Harry's smile increased. He'd been the “something.” So it was Clyde who had come to find out what everything was all about! With Harry wanting to put up a blind fight after Clyde released him, Clyde's only way to quiet him had been with a timely punch.

“But why did you bring me in here?” asked Harry.

“I figured it would be cool,” replied Clyde, “which it was. And secluded—it was that, too. What's more, it looked like a stronghold in case of a fight. Which reminds me—here's your gun and your flashlight. Most of all, though, I wanted to see if anybody snooped around.”

“Did anybody?”

“Yes, but I don't know who he was—or rather who they were. The first guy came down like he expected to find you in the bin. When he didn't, he went upstairs again. Then the other chap showed up and took a peek. But he may have come down to the cellar because he spotted the first gent roving around.”

HARRY pondered as to whom the mysterious visitors might have been. Clyde supplied a negative hint by remembering that he'd seen someone on the veranda, when he arrived—a pacing man, noticeable chiefly by a glow of his cigar. Harry decided that the man in question must have been Dr. Clabb, which left Varney and Throck as the logical visitors to the cellar.

Only one person was left, Warren Armand, and Harry excluded him on the ground that Warren didn't know enough about the old house to go about springing traps.

“I thought I saw Varney when I took the tumble,” declared Harry. “He was wearing his vampire getup. What's more, Clyde, I sent the pigeon, so it's funny it didn't reach you.”

“Maybe I started from town too soon—”

“Possibly,” interposed Harry. “But if you didn't, it looks as though Varney's hand was behind it. Maybe he has power over pigeons. From the stuff I've been reading lately, I'd say that Varney turned himself into a big bat and overtook the bird on the fly!”

Harry spoke so seriously that he had to finish with a smile to assure Clyde that he wasn't falling for the vampire legends. Looking at his watch, Clyde decided he ought to be getting back to town, since he had bribed the local taxi man to stick around outside the grounds at a distance of a fifth of mile, as registered by the odometer. So Harry suggested that Clyde go up first.

Clyde did so, with Harry waiting at the foot of the stairs, ready to rush to the reporter's aid. No help was needed, for Clyde managed to sneak outdoors. But Harry waited a few minutes longer before making his own trip up—and those few minutes brought on new happenings.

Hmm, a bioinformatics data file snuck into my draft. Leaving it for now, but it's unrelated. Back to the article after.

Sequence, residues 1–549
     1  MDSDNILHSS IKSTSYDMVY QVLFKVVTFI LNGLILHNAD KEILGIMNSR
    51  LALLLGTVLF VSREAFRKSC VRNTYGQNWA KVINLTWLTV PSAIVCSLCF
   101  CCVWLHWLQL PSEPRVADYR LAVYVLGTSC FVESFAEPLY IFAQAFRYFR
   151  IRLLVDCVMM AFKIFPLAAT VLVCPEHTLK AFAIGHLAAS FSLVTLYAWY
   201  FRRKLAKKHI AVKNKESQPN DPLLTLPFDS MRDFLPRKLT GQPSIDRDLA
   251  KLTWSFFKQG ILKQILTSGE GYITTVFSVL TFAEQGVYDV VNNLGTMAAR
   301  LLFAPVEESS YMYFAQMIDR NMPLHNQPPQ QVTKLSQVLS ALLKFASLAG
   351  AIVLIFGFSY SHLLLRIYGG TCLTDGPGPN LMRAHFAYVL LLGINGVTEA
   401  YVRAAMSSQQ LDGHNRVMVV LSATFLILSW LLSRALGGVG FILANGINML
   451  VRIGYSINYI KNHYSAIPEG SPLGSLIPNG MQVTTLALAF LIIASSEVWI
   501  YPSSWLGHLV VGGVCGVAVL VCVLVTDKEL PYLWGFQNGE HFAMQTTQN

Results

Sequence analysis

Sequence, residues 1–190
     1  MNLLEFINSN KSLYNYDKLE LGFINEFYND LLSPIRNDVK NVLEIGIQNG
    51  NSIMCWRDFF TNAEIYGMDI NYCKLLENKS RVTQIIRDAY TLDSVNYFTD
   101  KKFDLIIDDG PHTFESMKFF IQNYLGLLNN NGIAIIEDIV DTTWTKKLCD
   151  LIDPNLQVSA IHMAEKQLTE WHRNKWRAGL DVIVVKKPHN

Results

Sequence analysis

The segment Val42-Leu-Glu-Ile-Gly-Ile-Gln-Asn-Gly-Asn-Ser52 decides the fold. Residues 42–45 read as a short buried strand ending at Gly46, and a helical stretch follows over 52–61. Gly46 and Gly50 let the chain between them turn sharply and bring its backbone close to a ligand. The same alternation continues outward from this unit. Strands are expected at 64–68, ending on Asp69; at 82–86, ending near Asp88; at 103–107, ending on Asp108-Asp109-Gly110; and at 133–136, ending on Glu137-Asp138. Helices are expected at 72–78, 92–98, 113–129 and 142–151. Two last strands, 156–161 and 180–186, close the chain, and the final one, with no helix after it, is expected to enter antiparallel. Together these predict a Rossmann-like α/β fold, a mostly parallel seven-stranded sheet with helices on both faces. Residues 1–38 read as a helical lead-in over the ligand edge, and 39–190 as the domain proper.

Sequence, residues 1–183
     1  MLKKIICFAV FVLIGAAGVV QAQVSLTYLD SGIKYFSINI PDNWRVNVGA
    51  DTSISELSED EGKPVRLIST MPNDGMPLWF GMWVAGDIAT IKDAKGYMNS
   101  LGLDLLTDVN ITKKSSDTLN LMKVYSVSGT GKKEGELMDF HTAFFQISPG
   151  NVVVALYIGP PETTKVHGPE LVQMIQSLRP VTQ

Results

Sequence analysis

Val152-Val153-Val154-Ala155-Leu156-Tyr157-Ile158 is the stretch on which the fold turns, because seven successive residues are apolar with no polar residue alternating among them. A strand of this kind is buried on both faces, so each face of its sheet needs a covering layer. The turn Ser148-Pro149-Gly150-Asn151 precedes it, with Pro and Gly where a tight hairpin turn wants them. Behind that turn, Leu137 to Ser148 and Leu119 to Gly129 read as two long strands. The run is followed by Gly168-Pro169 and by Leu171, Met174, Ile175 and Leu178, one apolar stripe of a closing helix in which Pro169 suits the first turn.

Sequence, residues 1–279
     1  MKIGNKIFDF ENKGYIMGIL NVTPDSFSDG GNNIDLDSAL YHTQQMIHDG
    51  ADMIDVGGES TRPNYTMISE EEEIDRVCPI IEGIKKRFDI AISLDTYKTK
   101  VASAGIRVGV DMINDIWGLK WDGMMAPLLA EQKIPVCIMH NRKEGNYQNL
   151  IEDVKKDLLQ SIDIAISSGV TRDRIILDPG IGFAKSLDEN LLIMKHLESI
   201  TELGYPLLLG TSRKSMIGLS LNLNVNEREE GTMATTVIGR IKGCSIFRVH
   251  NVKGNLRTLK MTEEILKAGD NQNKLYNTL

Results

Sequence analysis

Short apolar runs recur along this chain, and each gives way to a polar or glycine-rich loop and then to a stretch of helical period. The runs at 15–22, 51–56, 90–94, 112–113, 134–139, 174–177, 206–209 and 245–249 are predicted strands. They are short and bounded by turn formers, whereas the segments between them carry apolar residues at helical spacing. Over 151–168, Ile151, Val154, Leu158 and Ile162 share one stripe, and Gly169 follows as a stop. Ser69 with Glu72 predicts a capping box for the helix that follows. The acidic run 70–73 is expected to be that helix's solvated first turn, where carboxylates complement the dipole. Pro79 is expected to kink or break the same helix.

The door at the top of the stairs opened suddenly and figures appeared there. Dropping back, Harry sneaked to the crypt, thinking it was the one place where the visitors wouldn't come.

Unfortunately, that was where they did come, holding candles ahead of them: Harry couldn't see their faces or identify their conversation, but he needed a hiding place.

So he took one: Varney's coffin!

He regretted it a soon as he was within, for the sensation was gruesome. At least there was a way to keep the lid open by wedging the muzzle of the automatic in its cracks, and that provided a second feature to Harry's benefit: his ability to use the weapon in a pinch. The cold steel of the gun actually felt warm, when compared with the chill of the crypt!

Entering, the arrivals lighted the candles that Harry had snuffed out after he and Clyde left. The added light showed who they were and, to his fresh amazement, Harry discerned that they were a pair that he had considered quite at odds: Varney Haldrew and his aged niece, Sabbatha!

It was soon evident that they still weren't any too friendly, this trip to the crypt being for the purpose of thrashing out some matters privately. As they moved about, Harry mistook one for the other, because Sabbatha was wearing an old-fashioned cape that looked something like Varney's favorite shroud.

Harry kept forgetting that Varney wasn't wearing the shroud at present, hence the mistake about the cape, which Sabbatha kept tightening around her neck. It soon developed that she'd brought the cape purely because she knew the crypt would prove cold.

“Of course I come here,” said Varney to Sabbatha, “but not to sleep in my coffin! Why, you must be crazy to think that I would do that!”

There was something baiting in Varney's tone. He knew that Sabbatha had seen him in the coffin. The best way he could add to Sabbatha's surety on that point, was to deny it. Sabbatha responded in her own cagy style.

“Then why do you come here, Varney?”

“To prepare my grave,” replied Varney solemnly. “I do not intend to be cremated. Giles thought he would force me to it, by making this concrete floor so there would be no place for my coffin. But I shall thwart Giles—”

“Why not do it as Roderick did?” interrupted Sabbath. “No one has ever disturbed Roderick!”

“You have talked too much about Roderick!” said Varney angrily. “You must stop it, Sabbatha!”

Coolly, Sabbatha stared at the concrete floor and Harry, looking from the coffin, noted that she eyed a spot where the stonework had been chipped.

“So!” exclaimed Sabbatha, “That is where your grave is to be!”

With a nod, Varney produced a pickax from behind the door and delivered a few strokes to the concrete, as though testing its thickness. Then, tossing the tool aside, he bowed Sabbatha through the door and followed her.

“You should be fully satisfied now,” Varney said, as he drew the door shut. “So I expect you to say no more about this crypt, or the padlocked room on the second floor.”